c. 65 | Rome

Superfluous Torment

“It is likely that some troubles will befall us, but it is not a present fact.”

There are more things, Lucilius, likely to frighten us than there are to crush us; we suffer more often in imagination than in reality. I am not speaking with you in the Stoic strain but in my milder style. For it is our Stoic fashion to speak of all those things that provoke cries and groans as unimportant and beneath notice.

But you and I must drop such great-sounding words, although heaven knows they are true enough. What I advise you to do is not to be unhappy before the crisis comes, since it may be that the dangers before which you paled as if they were threatening you will never come upon you; they certainly have not yet come. Accordingly, some things torment us more than they ought; some torment us before they ought; and some torment us when they ought not to torment us at all. We are in the habit of exaggerating, imagining, or anticipating sorrow.

Let us then look carefully into the matter. It is likely that some troubles will befall us, but it is not a present fact. How often has the unexpected happened! How often has the expected never come to pass! And even though it is ordained to be, what does it avail to run out to meet your suffering? You will suffer soon enough when it arrives, so look forward meanwhile to better things. What shall you gain by doing this? Time. There will be many happenings meanwhile that will serve to postpone,  end, or pass on to another person the trials that are near or even in your very presence. A fire has opened the way to flight. Men have been let down softly by a catastrophe. Sometimes the sword has been checked even at the victim’s throat. Men have survived their own executioners. Even bad fortune is fickle. Perhaps it will come, perhaps not. In the meantime it is not. So look forward to better things.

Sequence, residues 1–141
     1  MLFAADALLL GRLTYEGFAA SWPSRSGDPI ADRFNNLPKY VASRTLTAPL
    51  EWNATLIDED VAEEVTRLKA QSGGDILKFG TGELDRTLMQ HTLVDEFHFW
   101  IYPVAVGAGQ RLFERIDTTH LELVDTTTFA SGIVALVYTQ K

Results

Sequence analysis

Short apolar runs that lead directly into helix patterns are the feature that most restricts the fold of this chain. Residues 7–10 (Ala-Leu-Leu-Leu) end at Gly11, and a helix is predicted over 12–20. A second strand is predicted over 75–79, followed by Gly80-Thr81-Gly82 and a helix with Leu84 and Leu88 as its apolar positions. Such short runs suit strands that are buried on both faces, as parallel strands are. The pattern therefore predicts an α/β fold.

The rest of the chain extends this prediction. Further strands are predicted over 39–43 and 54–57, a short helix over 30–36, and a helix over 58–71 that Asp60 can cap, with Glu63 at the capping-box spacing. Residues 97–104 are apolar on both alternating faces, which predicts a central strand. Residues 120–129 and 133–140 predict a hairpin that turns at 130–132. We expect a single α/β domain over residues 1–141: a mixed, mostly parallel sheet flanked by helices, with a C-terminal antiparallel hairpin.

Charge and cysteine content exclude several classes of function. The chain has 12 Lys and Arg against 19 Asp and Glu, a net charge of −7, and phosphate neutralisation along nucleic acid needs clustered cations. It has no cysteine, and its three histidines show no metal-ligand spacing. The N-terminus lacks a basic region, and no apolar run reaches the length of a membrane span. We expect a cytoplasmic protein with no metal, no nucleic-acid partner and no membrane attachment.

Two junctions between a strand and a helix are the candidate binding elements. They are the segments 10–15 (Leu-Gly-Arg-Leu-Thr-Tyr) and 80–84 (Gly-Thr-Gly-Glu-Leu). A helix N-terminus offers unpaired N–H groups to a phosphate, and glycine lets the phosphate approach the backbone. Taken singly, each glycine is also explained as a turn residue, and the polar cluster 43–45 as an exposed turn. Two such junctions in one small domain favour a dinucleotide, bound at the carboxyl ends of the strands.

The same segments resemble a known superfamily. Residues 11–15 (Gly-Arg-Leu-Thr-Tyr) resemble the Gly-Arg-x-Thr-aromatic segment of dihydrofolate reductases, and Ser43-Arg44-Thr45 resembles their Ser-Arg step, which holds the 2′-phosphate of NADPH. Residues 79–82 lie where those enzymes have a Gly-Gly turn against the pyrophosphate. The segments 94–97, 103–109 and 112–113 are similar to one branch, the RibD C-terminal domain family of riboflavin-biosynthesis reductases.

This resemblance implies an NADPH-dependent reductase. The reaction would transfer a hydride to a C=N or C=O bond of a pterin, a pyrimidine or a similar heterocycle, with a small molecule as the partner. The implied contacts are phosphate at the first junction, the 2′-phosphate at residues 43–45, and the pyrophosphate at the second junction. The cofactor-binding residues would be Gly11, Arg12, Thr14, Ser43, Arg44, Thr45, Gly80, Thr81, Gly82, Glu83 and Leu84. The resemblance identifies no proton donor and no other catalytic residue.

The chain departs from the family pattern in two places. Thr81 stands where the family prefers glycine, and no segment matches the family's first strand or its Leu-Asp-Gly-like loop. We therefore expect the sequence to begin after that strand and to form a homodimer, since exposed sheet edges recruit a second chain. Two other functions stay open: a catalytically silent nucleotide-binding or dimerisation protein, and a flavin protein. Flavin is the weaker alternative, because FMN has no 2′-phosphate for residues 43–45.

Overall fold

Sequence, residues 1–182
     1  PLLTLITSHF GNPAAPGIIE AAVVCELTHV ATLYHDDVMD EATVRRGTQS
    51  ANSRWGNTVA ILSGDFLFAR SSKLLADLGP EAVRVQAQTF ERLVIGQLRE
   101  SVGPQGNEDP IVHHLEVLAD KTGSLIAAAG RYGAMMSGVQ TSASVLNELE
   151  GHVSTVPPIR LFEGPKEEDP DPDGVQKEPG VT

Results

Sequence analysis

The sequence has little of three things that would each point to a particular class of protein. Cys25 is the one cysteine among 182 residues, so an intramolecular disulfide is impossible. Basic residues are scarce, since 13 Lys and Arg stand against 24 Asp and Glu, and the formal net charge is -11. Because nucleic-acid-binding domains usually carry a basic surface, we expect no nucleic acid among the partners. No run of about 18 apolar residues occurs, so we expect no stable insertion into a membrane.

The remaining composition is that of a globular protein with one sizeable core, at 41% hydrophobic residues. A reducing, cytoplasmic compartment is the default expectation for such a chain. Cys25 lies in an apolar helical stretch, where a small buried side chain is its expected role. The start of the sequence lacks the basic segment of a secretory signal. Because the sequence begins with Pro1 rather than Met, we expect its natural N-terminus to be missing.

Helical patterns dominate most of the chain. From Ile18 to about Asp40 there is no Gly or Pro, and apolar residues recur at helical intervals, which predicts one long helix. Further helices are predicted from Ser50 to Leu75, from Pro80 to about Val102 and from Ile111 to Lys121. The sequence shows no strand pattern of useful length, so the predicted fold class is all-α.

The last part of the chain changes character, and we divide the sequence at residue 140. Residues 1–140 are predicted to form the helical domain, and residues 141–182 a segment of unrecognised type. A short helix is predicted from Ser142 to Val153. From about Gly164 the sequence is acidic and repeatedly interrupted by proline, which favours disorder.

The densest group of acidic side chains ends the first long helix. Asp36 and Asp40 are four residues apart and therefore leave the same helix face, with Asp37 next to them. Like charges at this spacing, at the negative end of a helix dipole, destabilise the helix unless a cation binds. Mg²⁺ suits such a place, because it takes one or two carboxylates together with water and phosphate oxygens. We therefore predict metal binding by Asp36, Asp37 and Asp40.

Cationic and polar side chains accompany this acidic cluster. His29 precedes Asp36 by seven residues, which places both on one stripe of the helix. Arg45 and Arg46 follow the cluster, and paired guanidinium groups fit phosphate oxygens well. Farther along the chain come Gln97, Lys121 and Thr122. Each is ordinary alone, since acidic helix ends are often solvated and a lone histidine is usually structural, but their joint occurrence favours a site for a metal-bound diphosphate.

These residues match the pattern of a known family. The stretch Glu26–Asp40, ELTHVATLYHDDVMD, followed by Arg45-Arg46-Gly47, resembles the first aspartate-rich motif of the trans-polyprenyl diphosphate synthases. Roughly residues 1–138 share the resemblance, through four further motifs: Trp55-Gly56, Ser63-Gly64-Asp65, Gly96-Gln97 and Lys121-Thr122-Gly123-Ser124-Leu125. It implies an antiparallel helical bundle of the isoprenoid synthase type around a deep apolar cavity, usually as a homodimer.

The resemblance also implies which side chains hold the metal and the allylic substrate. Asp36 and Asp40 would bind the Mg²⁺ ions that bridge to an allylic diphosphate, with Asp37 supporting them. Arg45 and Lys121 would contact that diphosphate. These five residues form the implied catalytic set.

The mind at times fashions for itself false shapes of evil when there are no signs that point to any evil. It twists into the worst construction some word of doubtful meaning. Or it fancies some person’s grudge to be more serious than it really is, considering not how angry the enemy is, but to what lengths he may go if he is angry. But life is not worth living, and there is no limit to our sorrows if we indulge our fears to the greatest possible extent. In this matter let prudence help you, and contemn fear with a resolute spirit even when it is in plain sight. If you cannot do this, counter one weakness with another and temper your fear with hope. There is nothing so certain among these objects of fear that it is not more certain still that things we dread sink into nothing and that things we hope for mock us.

Contributor

Seneca the Younger

From Moral Letters to Lucilius. After being exiled to Corsica by Claudius in 41, Seneca was recalled to Rome in 49 and made the tutor of Nero, whom he later served as a political adviser. His essayistic epistles to Lucilius, a fellow member of Nero’s imperial staff, detail much of Seneca’s Stoic philosophy. In 65 Nero demanded that he commit suicide for purported involvement in a conspiracy. Seneca slit his veins, dictated a dissertation, drank hemlock, and died in a vapor bath.